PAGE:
Screen and Multiply and Overlay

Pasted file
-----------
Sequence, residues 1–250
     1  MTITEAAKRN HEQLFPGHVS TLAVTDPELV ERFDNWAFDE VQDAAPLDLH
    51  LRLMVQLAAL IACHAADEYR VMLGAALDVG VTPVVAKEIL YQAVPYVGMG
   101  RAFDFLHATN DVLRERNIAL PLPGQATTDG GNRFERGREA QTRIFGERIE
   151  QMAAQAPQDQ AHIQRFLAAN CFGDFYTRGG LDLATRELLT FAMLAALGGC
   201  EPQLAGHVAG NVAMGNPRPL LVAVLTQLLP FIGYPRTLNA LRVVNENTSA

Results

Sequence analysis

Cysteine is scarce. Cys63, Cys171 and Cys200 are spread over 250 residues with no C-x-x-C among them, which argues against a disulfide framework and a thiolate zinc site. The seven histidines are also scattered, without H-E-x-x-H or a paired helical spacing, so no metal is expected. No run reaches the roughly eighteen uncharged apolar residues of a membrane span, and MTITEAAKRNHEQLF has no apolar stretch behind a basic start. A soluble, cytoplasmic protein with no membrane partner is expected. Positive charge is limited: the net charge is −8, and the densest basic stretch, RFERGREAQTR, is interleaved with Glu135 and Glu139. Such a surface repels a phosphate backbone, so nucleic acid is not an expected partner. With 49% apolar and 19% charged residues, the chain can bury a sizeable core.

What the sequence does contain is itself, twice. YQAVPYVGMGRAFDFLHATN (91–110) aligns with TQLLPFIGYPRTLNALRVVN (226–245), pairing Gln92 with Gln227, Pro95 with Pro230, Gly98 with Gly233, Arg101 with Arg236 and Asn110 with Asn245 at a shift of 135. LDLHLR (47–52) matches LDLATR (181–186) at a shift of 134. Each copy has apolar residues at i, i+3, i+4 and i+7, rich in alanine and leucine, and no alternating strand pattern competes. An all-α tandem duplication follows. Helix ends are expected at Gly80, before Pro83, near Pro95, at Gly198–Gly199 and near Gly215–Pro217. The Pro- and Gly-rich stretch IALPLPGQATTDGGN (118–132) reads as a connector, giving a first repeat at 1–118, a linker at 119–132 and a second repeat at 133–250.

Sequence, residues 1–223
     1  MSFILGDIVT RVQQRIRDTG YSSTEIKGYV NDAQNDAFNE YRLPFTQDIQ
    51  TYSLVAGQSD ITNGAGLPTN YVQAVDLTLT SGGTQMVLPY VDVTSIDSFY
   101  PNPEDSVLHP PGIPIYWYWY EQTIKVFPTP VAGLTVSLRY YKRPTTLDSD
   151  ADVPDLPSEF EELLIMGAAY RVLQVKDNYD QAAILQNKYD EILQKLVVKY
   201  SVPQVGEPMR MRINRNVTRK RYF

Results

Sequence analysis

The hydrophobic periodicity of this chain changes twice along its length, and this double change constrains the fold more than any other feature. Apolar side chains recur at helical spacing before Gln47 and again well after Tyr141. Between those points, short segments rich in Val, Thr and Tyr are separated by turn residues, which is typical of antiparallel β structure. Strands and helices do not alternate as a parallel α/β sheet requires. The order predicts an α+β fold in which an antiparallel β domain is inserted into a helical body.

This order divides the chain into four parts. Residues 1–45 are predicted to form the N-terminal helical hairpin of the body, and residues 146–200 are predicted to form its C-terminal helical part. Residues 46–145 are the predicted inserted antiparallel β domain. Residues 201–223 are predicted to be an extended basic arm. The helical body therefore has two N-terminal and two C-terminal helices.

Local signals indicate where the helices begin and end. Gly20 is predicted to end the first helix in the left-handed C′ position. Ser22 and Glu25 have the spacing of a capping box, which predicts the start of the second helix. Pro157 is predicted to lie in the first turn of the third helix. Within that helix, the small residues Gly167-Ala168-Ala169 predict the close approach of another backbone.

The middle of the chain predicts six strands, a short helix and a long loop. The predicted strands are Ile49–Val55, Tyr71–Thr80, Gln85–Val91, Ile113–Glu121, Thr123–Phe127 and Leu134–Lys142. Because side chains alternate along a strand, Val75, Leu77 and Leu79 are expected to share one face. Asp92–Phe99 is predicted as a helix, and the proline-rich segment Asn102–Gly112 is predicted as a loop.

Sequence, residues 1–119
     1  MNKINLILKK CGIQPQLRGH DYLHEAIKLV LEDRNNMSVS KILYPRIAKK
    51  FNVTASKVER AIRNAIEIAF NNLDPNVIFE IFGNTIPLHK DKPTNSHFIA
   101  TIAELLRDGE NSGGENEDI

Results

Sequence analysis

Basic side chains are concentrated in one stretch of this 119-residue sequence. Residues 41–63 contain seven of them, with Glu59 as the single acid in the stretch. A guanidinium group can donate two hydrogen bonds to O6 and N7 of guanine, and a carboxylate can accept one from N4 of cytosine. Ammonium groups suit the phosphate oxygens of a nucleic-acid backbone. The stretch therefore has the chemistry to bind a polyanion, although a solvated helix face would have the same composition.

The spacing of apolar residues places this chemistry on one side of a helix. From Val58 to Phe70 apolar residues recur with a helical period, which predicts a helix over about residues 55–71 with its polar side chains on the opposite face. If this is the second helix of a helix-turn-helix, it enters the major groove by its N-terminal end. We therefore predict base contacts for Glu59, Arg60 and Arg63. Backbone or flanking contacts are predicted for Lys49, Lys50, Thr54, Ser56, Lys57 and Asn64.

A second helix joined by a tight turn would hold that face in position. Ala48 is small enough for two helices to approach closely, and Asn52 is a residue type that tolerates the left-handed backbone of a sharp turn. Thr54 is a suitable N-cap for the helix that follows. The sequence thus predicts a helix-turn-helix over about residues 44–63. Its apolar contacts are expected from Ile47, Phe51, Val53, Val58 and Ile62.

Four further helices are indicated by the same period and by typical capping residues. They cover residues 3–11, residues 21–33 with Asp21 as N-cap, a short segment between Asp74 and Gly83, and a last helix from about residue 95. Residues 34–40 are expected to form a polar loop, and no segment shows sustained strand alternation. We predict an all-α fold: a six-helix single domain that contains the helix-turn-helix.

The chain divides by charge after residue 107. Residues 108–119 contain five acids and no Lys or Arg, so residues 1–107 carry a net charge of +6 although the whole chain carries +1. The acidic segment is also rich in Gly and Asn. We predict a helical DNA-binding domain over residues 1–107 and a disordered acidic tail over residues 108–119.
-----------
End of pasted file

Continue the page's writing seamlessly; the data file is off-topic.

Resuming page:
So the first blend modes that I wanna talk about here are gonna be screen and multiply. Because as we discussed with screen and multiply, these blend modes are related in a way. That screen makes sure that white stays and black gets dropped out and multiply makes sure that black stays and whites get dropped out. So what you see in front of you in this diagram is you see a cyan layer below and you see a gradient with white square, a gray square and a black square. And the really crazy thing about this though, I promise you that this little midtone it not a gradient. See, this is where color and color interaction is really crazy. Now I don't know about you, but for me this side looks lighter and this side looks darker and that's how the things that we talk about with color interaction, how colors interact with one another, that whole square is actually gray, it's 128 gray. So, I know that's gonna be throwing off your eyes, but I promise, trust me, I promise you that is a gray square. So ...